Updated: May 16
Last Sunday, we celebrated Mother’s Day to commemorate their never-ending love for us and for being ever-present in our lives. Mothers often share that their pregnancy experience was a joyous one, but as they are also well aware, motherhood is far from easy. There can be times when the experience gets overwhelming.
Mothers may encounter instances where they feel like giving up, but there are also times when they are able to face their challenges head-on. However, when one feels that they are alone and isolated in handling their problems, they may develop depressive thoughts. These thoughts may vary from guilt for not being as happy as one should, or not being as composed as other women in their social circles, or feeling incompetent when they compare themselves to other mothers.
Feeling alone when facing the tough challenges of pregnancy can be difficult to overcome and battle through. As a result, these feelings may intensify. When a pregnant woman’s negative thoughts and feelings spiral uncontrollably, they are at risk of developing unhealthy coping habits that could be detrimental to themselves and their baby. Thus, the first step to being okay about not being okay is for a mother to acknowledge that they are not coping well during or after their pregnancy.
(Gavin, 2017; SANE Australia, 2019) I’m not fine when I…
Have suicidal thoughts
Have thoughts about self-harm or hurting my baby
Am feeling completely overwhelmed
Obsess over the little things
Have excessive guilt
Am always anxious over my baby
Have extreme mood swings
When the mother realises that they have any of these debilitating symptoms, they should also know that they are not alone. There are many women around the world who share the same, or similar, experiences. According to the World Health Organisation (WHO, n.d.), depression affects approximately 16% of mothers during their pregnancy and 20% of mothers after their pregnancy, in developing countries.
Although we live in a society where mental health disorders and illnesses tend to be stigmatised, we should understand that it is valid to be experiencing all or some of these symptoms. It takes immense courage and strength for a mother, or anyone, to admit that they are not coping well. Once they are able to do that, they can take proactive steps towards alleviating these symptoms.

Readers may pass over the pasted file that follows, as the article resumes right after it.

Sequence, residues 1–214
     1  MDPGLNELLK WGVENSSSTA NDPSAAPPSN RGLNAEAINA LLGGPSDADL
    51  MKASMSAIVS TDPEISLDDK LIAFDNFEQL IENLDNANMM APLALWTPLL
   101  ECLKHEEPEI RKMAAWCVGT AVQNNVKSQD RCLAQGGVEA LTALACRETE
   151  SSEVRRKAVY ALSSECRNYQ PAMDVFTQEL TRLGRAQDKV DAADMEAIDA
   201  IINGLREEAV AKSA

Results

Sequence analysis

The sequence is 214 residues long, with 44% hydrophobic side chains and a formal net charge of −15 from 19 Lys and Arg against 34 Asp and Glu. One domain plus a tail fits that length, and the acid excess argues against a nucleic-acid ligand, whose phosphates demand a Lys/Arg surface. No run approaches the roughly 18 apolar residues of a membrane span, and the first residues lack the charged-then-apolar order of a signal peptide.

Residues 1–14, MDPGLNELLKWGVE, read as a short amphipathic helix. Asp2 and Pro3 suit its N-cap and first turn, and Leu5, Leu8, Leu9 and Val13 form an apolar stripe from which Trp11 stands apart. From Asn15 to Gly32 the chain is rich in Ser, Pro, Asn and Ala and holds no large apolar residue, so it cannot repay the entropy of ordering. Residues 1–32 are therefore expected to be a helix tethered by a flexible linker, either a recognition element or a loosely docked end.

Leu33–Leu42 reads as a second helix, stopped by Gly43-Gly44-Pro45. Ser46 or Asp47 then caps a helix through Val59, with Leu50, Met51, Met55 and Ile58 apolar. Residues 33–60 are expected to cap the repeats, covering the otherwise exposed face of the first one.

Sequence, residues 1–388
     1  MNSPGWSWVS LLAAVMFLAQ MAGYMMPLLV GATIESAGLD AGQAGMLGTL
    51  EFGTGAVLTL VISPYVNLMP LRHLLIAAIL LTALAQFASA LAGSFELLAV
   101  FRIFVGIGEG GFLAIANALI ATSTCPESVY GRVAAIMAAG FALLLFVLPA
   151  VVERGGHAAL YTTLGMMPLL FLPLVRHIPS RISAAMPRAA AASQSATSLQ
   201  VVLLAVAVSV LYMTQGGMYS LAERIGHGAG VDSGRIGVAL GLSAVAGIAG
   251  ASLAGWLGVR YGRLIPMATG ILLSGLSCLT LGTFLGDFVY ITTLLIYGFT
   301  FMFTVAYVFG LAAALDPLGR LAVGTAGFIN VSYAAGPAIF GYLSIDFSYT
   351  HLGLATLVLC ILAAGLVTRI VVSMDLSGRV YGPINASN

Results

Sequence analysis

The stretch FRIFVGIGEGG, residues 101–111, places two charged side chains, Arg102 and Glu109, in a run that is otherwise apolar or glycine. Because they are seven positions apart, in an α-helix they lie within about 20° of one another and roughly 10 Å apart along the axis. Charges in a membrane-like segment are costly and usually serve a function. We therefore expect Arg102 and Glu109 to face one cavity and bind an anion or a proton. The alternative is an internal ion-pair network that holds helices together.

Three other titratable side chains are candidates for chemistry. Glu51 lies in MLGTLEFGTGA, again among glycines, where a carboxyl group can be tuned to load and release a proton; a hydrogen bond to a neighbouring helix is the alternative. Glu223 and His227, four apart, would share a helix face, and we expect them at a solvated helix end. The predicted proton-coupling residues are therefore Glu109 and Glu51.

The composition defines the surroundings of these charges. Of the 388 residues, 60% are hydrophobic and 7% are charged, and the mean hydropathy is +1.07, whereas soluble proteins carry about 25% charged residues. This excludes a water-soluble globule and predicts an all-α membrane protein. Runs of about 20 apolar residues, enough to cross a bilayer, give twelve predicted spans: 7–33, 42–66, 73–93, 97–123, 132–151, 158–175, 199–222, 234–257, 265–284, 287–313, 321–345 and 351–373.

(Gavin, 2017; Mind, n.d.) What can I do next?
Talk it out with my spouse and close family members
Make an appointment to see a mental health practitioner
Join a support group
Educate myself about maternal mental health
Write down my feelings and thoughts in a journal
Be creative and start a blog
Exercise and meditate (e.g. yoga)
Take some time off for myself
Manage my expectations
The process of healing and working on oneself is long yet worthwhile. All mothers will experience pregnancy differently as each woman will have their unique personality, and reactions to hormonal changes will differ for each mother. It is unfair to compare oneself to another person in different circumstances. Mothers should be encouraged to develop realistic expectations and not be too hard on themselves. No one is perfect; it is okay to make mistakes, as long as one learns from them and uses these to work towards getting better.
Gavin, M. L. (2017). Taking Care of Your Mental Health During Pregnancy: (https://kidshealth.org/en/parents/pregnant-mental-health.html)
Mind. (n.d.) How can I look after myself? (https://www.mind.org.uk/information-support/types-of-mental-health-problems/postnatal-depression-and-perinatal-mental-health/self-care/#collapse40040)
SANE Australia. (2019). Perinatal mental illness: (https://www.sane.org/information-stories/facts-and-guides/perinatal-mental-illness)
World Health Organisation. (n.d.). Maternal Mental Health: (https://www.who.int/mental_health/maternal-child/maternal_mental_health/en/)
Perinatal, antenatal, and postnatal depression: (https://healthyfamilies.beyondblue.org.au/pregnancy-and-new-parents/maternal-mental-health-and-wellbeing/depression)